In 2002, the Smelt Hill Dam—reportedly the oldest dam on the river—was removed near the mouth of the Prismpscot in Falmouth. But it still remains nine dams upstream.
In 2006, the U.S. Supreme Court upheld the Maine Department of Environmental Protection’s authority to require minimum fishing and water standards around Presampscot River dams — then S.D. Warren Co. – As part of water quality certifications required for federal relicensing of dams.
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Another conservative group, Friends of Sebago Lake, tried to block the current agreement with state and federal regulatory agencies. Friends of Sebago Lake argued that the agreement doesn’t go far enough to restore fishing in the upper Presimpscot waters because it could allow sappy to not allow fishing in the upper dams.
The Westbrook Planning Board approved the removal of the two Upper Sakarpa Falls spillways in March. The Federal Energy Regulatory Commission then gave final approval to the Sacrapa Dam projects in April.
Shaughnessy, along with the Friends of the Presumpscot River, noted that many dams by the 1700s not only allowed for industrial development but were also attacks on Native American tribes. In fact, Abenkee chief Pauline traveled to Boston twice in the 1750s to formally protest with colonial leaders against the dams that prevented his people from crossing the river to survive.
“So there’s a wonderful historical memory in these dams,” said Shaughnessy, who helped dedicate a monument to Pauline in Westbrook last year. “We always felt like we were picking on the big Pauline, so I think he’s smiling now.”
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Use the form below to reset your password. When you submit your account email, we will send an email with a reset code. A landslide that blocked the Presmpscott River occurred Wednesday morning behind 161 Warren Ave. in Westbrook. Roger McCord for the Portland Press Herald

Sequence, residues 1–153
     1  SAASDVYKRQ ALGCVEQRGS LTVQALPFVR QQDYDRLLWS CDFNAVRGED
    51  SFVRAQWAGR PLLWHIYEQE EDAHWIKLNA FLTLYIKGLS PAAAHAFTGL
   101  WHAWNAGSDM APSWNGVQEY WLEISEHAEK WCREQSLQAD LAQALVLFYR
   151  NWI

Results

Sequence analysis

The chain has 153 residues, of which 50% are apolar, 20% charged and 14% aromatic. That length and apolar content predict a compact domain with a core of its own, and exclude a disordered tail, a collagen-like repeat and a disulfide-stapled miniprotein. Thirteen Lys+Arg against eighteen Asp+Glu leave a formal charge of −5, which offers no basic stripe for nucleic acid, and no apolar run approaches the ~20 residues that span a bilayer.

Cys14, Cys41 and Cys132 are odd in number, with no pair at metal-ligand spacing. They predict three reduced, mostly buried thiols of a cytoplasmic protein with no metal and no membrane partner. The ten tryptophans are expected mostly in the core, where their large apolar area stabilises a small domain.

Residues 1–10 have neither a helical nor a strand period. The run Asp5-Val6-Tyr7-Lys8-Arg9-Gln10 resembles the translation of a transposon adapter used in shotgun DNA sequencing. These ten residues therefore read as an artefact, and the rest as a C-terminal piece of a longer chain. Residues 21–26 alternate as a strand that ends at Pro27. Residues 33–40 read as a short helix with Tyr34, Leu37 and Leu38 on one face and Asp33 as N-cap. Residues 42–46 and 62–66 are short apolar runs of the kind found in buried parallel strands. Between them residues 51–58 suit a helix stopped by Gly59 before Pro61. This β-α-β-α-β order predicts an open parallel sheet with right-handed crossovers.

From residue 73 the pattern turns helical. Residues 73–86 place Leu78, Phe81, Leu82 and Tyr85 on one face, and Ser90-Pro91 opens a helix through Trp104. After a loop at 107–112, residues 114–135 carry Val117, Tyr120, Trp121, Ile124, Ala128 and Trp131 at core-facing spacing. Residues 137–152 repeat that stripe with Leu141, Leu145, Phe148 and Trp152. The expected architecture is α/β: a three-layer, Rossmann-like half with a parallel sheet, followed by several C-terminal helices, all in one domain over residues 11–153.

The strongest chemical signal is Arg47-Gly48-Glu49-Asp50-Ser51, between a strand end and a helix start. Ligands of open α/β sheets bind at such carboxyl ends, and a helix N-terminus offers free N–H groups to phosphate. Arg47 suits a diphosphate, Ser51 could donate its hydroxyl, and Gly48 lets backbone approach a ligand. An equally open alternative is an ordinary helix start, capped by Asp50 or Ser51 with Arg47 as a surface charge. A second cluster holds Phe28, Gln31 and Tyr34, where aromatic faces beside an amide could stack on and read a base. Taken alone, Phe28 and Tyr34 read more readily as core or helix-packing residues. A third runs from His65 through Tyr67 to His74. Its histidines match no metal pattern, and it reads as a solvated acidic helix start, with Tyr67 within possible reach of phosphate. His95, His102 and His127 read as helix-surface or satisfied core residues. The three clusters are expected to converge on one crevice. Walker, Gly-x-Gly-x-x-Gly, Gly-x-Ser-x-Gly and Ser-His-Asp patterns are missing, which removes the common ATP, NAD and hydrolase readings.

WESTBROOK — A large landslide completely blocked the Presmpscott River in Westbrook Wednesday afternoon, threatening nearby water and gas sources and prompting a flood watch and an emergency order from the city.
The landslide was reported on Wednesday morning after people spotted trees on the forested banks of the river. The landslide, which occurred directly behind Les Wilson & Sons Excavators at 161 Warren Ave., also covered a large area of soil and fill.
Westbrook Fire Chief Andrew Turcotte said Wednesday afternoon that the landslide was large enough to initially block the river just downstream of Sapi Mill.
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A landslide in Westbrook on Wednesday morning temporarily blocked the Presampscot River, causing the water to back up. Roger McCord for the Portland Press Herald
“River levels rise rapidly behind the slide. Expect groundwater levels to rise. Below the slide, sudden changes in river levels are possible if the slide breaks,” the weather service said.
“Sapi Dam engineers were able to significantly reduce the flow of water,” he said. “It looks like there’s a breach somewhere in this artificial dam that’s caused by a landslide so now there’s a flow of water.”
It was unclear how high the river rose behind the landslide before it appeared to begin flowing through the area at least around 2:30 p.m.
Morgan Meadows Wildlife Management Area (maine Difw)
We have canceled the flash flood watch for the Prismpscott River in Cumberland County, ME. The risk of flooding has decreased but there is still a small chance that the water will rise again quickly. Residents should continue to consult local authorities. #MEwx #NHwx pic.twitter.com/S4KqVGQZXi — NWS Gray (@NWSGray) September 17, 2020
Mayor Michael Foley declared a state of emergency in the city after the landslide. He said the city is working with the Environmental Protection Agency’s mine cleanup division, the U.S. Army Corps of Engineers, SAPI and other agencies to address the situation. He said, an emergency operation center has been established.
Turcotte said crews were also assessing potential flooding effects in the area Wednesday afternoon with about 60 inches of water falling on the main and 16 inches of gas main.
The cause of the landslide was not immediately clear. The area has a subsoil layer of soft sediments associated with historic landslides along the river.
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Lindsey Spiegel, a senior geologist with the Maine Geological Survey, said she visited the site Wednesday but didn’t get too close because the ground nearby was still unstable. She cites a soft layer of clay — called the Presumpscot Formation — as the cause